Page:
In pursuance of the policy of crowding Lee south of the Chickahominy, Dana's later despatches of the same evening, aided by those of the next day, show that while Sheridan's orders did not reach him in time to enable him to perform the part assigned to him, Wright, Smith, Warren, and Hancock had all been engaged and had suffered heavy loss; and that notwithstanding each of these generals claimed to have gained substantial advantage, Lee still held fast to the battle-field. Fierce and determined fighting, in which the enemy sallied from his cover, followed after nightfall, but without changing the general result. Grant remained unshaken, and, notwithstanding his heavy losses, ordered a renewal of the attack to be made early the next morning. It will not be forgotten that he had indicated his disposition only a few days before [324] not “to run his head against heavy works,” if it could be avoided. Dana's despatches throw but little light upon the abandonment of this policy, and yet it is certain that it had not escaped his observation. He records the fact that the order to attack on the morning of the 2d had not been carried into effect, and that Grant, at 2 P. M., had postponed it on account of heat and dust and the fatigue of Hancock's men till 4 A. M. the next day.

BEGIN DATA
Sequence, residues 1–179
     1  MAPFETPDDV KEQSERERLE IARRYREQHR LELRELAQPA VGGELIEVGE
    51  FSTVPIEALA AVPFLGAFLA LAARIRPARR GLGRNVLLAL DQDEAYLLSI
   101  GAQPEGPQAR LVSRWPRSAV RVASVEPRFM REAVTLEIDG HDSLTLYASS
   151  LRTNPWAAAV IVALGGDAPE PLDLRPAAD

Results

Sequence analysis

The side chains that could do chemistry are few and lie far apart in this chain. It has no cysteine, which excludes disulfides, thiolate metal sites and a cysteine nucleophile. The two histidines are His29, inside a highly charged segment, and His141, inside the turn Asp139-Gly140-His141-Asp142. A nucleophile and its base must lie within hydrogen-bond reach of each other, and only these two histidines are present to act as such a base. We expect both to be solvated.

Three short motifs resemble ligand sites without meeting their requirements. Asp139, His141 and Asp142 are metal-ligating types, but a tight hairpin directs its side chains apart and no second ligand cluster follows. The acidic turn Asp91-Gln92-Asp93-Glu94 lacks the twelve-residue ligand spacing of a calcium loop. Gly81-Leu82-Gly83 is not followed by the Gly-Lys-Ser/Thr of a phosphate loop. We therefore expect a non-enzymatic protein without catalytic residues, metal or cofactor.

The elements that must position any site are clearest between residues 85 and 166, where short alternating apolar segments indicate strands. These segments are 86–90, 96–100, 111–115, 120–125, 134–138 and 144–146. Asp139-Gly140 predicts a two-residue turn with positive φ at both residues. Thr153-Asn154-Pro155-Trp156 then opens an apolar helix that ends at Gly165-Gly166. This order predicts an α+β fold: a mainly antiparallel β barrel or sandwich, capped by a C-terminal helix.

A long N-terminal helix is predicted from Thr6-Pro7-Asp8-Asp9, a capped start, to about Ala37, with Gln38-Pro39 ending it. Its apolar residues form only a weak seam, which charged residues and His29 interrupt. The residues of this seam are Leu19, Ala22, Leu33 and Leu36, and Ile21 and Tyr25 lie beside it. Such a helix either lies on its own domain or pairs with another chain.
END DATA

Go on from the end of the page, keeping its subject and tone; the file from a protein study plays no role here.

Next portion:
Dana gives a full account of the fighting on the 3d, but it was all costly and abortive. The order of battle from left to right was Hancock, Wright, Smith, Warren (in single line), with Burnside massed in rear of his right wing. Sheridan with two divisions of cavalry was on the extreme left, while Wilson with one division was well beyond and behind the enemy on the extreme right; but there was no coherence or co-operation between the various parts of the extended line. Indeed, singular as it may seem, none was provided for in the order of battle, and but little was possible. The fighting was desultory and hopeless from the first. According to Dana: